Speed cameras: Will they be effective?

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BUFFALO, N.Y. (WIVB) – Connie Brand knows first-hand not all of the warnings that went out to drivers who sped through school zones in the City of Buffalo were legitimate. Earlier this month, the city wrapped up a 30-day warning period for its speed camera program. Mayor Byron Brown said on any given day, cameras caught 10,000 people speeding in front of schools.

Brand was one of them. There is just one problem.

“The camera captured me driving through that speed zone at 3:48 or 3:49,” Brand said.

The school zone hours at that location, in front of Canisius High School, end at 3:30 p.m. That’s when the speed limit reverts to 30 mph, and the cameras should be shut off.

“Before you make those cameras live, make sure that they’re collecting the correct data,” Brand suggested to city leaders.

As soon as the city installs flashing beacons at the locations where they’ve installed the 14 cameras, and turned those beacons on, they’ll start issuing $50 fines to drivers who have their picture taken. The camera snaps an image when it detects a vehicle going at least 26 mph in the 15 mph school zone.

Kevin Helfer, the City of Buffalo’s parking commissioner and the man who is running the speed camera program, admits Brand should not have received that warning. He said whoever programmed that camera incorrectly set it up to take pictures until 4:30, rather than 3:30. They’ve already corrected the error.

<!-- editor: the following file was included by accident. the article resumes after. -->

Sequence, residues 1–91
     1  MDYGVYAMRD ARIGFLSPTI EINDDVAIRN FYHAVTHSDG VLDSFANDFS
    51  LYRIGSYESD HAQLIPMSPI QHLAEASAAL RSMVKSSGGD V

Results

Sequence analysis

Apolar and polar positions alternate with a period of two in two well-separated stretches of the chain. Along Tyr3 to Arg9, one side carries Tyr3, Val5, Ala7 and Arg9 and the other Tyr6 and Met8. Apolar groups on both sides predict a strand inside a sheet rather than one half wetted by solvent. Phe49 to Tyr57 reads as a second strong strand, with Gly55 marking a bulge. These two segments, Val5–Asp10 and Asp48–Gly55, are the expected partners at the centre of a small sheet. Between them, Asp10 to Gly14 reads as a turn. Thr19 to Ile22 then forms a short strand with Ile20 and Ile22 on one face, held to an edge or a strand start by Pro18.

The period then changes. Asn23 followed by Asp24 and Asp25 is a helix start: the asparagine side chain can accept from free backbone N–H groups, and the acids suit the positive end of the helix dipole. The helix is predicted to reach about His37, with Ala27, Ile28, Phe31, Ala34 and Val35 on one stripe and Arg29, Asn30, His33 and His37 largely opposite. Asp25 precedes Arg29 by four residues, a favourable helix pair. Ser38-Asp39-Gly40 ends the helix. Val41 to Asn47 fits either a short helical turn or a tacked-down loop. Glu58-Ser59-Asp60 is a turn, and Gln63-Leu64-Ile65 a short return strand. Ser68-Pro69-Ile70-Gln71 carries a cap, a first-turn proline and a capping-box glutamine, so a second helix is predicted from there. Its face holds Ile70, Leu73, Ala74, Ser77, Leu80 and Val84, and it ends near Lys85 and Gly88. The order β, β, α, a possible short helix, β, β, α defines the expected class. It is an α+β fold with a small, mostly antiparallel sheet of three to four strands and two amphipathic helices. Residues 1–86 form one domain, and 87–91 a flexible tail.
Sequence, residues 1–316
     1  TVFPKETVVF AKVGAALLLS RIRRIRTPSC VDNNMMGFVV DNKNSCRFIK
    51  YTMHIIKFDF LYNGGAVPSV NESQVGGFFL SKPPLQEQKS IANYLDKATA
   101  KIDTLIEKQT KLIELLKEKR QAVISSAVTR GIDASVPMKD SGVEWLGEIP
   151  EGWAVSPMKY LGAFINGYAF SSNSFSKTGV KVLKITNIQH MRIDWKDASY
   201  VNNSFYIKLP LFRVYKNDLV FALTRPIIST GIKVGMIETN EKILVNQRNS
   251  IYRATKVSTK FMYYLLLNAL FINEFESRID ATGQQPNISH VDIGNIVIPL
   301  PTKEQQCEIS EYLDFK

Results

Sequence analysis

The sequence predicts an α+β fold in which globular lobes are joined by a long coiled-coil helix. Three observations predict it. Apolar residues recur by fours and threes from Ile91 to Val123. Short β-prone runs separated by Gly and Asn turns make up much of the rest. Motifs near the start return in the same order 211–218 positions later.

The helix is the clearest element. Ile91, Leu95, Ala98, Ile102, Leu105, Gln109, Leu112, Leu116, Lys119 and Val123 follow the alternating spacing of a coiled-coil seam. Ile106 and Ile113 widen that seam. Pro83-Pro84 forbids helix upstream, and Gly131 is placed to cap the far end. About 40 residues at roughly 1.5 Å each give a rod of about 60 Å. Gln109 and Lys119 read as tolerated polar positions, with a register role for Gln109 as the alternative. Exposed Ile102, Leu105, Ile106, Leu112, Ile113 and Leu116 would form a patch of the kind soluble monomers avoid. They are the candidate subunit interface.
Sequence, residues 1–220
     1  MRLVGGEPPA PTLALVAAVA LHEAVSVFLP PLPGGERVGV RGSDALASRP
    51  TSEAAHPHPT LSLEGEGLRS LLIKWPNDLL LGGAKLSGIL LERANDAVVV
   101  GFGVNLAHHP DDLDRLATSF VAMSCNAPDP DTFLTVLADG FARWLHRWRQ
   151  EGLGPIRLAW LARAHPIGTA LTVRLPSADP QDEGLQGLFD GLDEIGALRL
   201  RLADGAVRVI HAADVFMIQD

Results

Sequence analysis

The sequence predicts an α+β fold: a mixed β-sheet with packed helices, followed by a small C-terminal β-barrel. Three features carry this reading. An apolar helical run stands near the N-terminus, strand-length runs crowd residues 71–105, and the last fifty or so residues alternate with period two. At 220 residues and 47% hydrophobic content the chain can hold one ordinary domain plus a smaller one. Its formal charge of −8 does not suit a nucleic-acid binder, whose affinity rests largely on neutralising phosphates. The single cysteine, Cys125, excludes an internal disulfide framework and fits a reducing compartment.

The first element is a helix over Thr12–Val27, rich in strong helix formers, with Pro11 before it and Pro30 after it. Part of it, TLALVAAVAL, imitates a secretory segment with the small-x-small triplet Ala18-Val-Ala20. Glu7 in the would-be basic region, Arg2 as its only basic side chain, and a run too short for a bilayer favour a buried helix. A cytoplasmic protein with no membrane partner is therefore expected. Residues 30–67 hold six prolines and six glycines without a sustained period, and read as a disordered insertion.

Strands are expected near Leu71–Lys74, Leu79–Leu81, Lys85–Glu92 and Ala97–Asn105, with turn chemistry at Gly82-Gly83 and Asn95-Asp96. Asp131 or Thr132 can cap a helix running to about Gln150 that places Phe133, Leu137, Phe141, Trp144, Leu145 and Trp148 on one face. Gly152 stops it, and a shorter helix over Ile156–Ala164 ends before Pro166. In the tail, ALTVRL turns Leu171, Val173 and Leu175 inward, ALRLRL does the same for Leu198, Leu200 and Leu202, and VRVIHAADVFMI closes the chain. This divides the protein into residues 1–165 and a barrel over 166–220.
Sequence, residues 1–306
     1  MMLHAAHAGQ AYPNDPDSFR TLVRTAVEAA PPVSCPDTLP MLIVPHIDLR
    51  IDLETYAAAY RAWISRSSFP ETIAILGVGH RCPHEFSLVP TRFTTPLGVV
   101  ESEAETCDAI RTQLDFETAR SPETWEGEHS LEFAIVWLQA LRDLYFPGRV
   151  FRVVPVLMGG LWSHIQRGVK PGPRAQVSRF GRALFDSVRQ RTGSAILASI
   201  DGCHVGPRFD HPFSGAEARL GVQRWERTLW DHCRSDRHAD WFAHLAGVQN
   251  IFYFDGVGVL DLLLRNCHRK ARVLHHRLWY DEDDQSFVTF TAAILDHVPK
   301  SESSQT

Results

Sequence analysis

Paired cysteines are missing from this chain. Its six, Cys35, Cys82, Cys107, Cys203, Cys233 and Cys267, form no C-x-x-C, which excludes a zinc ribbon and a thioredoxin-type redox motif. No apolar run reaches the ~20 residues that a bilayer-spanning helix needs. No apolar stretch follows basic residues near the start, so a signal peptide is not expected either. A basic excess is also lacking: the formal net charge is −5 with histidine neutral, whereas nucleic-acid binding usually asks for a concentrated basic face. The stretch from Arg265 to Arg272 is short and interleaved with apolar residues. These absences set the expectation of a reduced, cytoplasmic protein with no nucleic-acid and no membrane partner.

“This is all about public safety,” Helfer says, echoing comments Mayor Byron Brown has made for nearly a year now.

In Pawtucket, R.I., officials installed similar cameras in school zones. Unlike Buffalo, they also installed a small number of cameras at intersections in the city. Much like Buffalo, however, officials in Pawtucket said school safety is what’s most important.

A review of data compiled by The Valley Breeze, however, indicates driver behavior has not necessarily changed since the cameras in Pawtucket were turned on. It shows the number of violations are down one week, and up the next.

In Buffalo, Helfer expects things to be different.

“Anecdotally, I think it will drop incrementally,” Helfer said, adding that such a drop would indicate that school zones in Buffalo are getting safer. “And I do think the beacons are going to help a lot.

“A lot of this is just anecdotal. That’s why I keep telling people we have to see data over a large period of time before we can draw conclusions.”

If a camera does take your picture, that violation is supposed to be reviewed before you are sent a fine.

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